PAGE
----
Looking to rebound from their second last-place finish in three seasons and with money to spend, the Boston Red Sox made two big splashes on Monday when they agreed to terms with Hanley Ramirez and Pablo Sandoval.
Sandoval received a five-year, $95 million contract with a club option at $17 million for a sixth season. The Red Sox will have the option to buy out that sixth year for $5 million in 2020 when the third baseman will be 34 years old.
In seven Major League seasons, the switch-hitter has a .294/.346/.465 slash line with 106 home runs and 462 RBIs. He has won three World Series titles with the San Francisco Giants, who will now have to replace his production. The silver lining for the Giants is that Brian Sabean has always been able to plug emerging holes in the team’s roster, but the loss of Sandoval is unlike one the club has experienced during their current run of success.
What hurts the Giants most is they offered "Kung Fu Panda" a very similar contract without signifying that an increase was out of the question if negotiations continued, according to numerous reports. The San Diego Padres also offered Sandoval a five-year deal in the $95 million range, but to put it bluntly the Padres aren’t the Giants or Red Sox.
The Red Sox introduced Sandoval as the newest member of the team on Tuesday and he admitted choosing Boston over San Francisco was “tough.” He added that playing at Fenway Park “was one of the things I was thinking about in my decision.”
When you consider the recent success of both franchises, similar contract offers and familiarity the 28-year-old had with the Giants, it’s difficult to settle on a reason why he would leave the Bay Area for New England.
Sandoval’s weight was a long-running point of contention between the Venezuelan and the San Francisco front office, but he claims to have never taken the organization’s concerns personally. He has also already committed to working with Boston’s trainers to help keep his weight under control. So did the Giants upset Sandoval with their concerns about his weight? Maybe, but that’s not the reason he passed on a chance to stick around.
In the wake of this deal, some of his former Giants teammates have expressed both a love for Sandoval and knowledge of his desire to take care of his family financially. The truth is that every a five-year, $95 million deal isn’t the same.
Ray Ratto of CSN Bay Area spoke with Forbes and uncovered the truth about the difference between $95 million in California and Massachusetts. Kurt Badenhausen of Forbes estimates that Sandoval will earn an additional $3.735 million over five years in Boston than he would have in San Francisco. The details can be found in Ratto’s piece, but the short of it is that Massachusetts has a flat personal income tax, while California uses a progressive rate.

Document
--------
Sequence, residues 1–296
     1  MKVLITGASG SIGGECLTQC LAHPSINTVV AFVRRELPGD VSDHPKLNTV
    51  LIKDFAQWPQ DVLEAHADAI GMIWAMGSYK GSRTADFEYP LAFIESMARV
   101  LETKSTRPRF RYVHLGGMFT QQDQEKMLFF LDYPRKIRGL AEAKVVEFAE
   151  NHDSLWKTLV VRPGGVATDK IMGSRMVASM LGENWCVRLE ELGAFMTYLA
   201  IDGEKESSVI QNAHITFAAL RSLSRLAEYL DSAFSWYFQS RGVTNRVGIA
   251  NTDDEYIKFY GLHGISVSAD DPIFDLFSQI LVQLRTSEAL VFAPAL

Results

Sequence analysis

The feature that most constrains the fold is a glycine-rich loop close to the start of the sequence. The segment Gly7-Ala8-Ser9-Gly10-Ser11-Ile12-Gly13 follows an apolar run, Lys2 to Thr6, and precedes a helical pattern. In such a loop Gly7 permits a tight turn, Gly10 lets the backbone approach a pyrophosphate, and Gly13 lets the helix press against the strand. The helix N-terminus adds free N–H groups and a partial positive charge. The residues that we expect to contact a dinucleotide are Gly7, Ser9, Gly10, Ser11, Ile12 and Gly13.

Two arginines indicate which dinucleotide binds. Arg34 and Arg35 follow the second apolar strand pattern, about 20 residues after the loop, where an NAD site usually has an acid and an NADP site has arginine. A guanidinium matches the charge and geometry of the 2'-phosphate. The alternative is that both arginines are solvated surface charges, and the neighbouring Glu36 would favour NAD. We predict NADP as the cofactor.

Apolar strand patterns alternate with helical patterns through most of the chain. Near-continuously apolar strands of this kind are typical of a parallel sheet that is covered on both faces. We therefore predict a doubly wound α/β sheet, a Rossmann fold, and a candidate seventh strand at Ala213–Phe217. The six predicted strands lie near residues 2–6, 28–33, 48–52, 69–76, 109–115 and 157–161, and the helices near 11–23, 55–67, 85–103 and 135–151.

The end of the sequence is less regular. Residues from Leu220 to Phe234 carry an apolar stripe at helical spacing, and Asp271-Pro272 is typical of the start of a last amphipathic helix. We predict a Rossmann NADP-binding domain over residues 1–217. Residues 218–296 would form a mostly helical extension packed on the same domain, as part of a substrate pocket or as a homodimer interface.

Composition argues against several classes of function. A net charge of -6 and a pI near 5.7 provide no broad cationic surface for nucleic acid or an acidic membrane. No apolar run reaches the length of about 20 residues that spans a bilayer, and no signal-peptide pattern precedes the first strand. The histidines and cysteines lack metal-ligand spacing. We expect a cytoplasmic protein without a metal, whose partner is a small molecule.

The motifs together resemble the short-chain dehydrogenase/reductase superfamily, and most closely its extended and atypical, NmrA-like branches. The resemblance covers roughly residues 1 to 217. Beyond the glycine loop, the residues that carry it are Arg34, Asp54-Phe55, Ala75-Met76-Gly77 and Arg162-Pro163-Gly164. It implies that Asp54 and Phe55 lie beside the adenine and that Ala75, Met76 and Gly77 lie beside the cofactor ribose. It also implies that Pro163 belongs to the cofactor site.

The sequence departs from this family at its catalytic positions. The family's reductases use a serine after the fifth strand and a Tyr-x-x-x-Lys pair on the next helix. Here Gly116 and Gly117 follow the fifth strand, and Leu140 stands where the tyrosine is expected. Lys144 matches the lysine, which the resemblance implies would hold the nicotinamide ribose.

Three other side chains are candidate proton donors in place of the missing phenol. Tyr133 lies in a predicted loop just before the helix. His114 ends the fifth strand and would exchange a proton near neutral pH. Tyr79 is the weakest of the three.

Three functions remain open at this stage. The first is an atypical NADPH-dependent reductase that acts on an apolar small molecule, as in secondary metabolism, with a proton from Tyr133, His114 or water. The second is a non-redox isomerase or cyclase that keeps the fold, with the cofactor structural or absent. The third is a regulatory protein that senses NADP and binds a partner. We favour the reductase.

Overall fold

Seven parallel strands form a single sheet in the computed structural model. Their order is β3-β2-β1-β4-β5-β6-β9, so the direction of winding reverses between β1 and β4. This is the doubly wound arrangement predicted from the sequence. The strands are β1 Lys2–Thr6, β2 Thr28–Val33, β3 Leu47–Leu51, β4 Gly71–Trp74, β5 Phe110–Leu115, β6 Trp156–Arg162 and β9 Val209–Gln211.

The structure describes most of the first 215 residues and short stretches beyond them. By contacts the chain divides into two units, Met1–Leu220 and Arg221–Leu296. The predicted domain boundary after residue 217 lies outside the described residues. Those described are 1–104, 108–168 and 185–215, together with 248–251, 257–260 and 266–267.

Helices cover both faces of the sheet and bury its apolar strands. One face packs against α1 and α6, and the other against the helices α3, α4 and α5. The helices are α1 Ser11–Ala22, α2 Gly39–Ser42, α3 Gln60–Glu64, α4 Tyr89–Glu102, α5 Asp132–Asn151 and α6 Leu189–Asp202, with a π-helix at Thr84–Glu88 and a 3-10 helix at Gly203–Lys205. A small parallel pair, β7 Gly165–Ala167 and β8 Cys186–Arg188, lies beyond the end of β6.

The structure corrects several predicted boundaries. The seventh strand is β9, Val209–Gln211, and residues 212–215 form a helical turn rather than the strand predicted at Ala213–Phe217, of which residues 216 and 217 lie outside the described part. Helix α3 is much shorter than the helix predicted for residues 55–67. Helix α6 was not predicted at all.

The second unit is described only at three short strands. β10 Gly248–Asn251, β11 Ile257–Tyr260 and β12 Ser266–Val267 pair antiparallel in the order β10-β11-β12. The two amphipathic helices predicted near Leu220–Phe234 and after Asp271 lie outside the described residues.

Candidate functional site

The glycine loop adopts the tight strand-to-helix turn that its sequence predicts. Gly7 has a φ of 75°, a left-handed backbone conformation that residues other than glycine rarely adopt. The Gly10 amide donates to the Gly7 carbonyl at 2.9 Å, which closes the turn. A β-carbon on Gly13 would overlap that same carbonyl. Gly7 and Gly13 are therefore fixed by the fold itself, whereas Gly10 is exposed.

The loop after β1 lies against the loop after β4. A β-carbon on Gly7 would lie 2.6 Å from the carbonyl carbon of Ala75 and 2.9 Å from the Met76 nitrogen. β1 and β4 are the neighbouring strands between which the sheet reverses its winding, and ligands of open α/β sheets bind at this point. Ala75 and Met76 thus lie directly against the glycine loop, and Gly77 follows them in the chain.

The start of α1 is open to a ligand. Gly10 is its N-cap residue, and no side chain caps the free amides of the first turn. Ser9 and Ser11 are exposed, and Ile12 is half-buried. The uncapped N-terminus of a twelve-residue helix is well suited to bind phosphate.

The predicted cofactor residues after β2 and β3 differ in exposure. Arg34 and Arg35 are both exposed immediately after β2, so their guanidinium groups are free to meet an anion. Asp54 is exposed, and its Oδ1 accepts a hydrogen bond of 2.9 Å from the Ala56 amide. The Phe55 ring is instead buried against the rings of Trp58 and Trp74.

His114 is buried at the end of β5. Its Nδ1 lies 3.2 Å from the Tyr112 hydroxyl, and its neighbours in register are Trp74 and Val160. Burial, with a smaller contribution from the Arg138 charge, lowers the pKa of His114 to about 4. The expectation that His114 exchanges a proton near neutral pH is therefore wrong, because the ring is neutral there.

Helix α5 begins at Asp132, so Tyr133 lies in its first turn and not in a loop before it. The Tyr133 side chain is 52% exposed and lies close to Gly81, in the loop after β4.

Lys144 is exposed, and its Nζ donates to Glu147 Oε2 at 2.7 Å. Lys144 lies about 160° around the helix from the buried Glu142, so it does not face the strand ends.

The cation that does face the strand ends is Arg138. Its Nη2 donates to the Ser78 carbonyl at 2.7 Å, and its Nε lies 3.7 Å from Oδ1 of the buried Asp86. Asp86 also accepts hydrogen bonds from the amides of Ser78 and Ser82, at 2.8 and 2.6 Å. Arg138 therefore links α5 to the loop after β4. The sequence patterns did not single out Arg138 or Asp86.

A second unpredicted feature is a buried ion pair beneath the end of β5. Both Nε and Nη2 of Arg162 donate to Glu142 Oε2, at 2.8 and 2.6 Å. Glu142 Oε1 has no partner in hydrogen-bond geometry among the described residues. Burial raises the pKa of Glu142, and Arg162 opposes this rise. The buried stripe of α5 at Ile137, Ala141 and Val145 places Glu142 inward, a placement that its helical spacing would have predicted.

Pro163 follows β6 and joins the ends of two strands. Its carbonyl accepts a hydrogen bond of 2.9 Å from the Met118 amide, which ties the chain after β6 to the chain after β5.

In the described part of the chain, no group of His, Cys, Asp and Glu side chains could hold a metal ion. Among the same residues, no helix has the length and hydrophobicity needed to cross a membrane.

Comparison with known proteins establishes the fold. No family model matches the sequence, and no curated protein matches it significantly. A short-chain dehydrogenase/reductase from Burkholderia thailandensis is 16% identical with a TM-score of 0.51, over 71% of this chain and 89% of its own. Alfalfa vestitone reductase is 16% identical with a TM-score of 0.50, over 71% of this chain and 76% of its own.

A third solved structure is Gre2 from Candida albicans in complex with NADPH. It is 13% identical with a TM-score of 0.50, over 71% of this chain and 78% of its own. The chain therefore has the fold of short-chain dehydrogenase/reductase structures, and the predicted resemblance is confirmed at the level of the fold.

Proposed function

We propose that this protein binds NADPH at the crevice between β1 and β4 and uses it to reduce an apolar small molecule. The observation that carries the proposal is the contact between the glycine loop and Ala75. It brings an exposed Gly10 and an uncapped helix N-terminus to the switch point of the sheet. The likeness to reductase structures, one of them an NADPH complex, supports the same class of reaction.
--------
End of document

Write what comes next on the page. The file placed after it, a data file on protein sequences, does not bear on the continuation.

Grade for Sandoval: A-
For Sandoval, he gives himself another avenue into the lineup if his body and defense don’t hold up as a member of the American League. That, in addition to the tax benefit, make the Red Sox a nice fit.
The Giants know what they are losing, but what are the Red Sox gaining?
Boston was in dire need of a third baseman after Will Middlebrooks failed to progress in 2014. The 26-year-old hit .191/.256/.265 in 234 plate appearances, numbers that Sandoval can put up with one eye closed. Sandoval gives John Farrell some variety in the batting lineup. He’ll help balance a mostly right-handed batting order.
It’s hard to calculate how instrumental David Ortiz was in getting Sandoval to come to Boston. Ironically, it's conceivable that Ben Cherington plans to slide Sandoval to designated hitter, opening up third base, when the Ortiz, 39, finally retires.
Sandoval produced very well at AT&T Park, hitting .313/.365/.488, but those numbers figure to swell at Fenway Park. He has never logged a plate appearance in Boston, but it bodes well that his average at his former home park, which is famously cavernous, is better than his overall line.
He has long been seen as a perfect fit for Fenway and Cherington identified him as his main target this offseason. The Red Sox had money to spend and aren’t an organization that can simply stand by after a last-place finish. For so many years they wanted to be seen as a perennial contender much different than the rival New York Yankees, but that can no longer hide behind that façade. They spend with the best of them.
Grade for Red Sox: B+
Any contract of this size carries some risk, but Sandoval isn’t as big a risk as one might think. He’s a great hitter, produces in the postseason, plays better defense than the average fan thinks and will only be 33 years old in the final guaranteed year of the deal.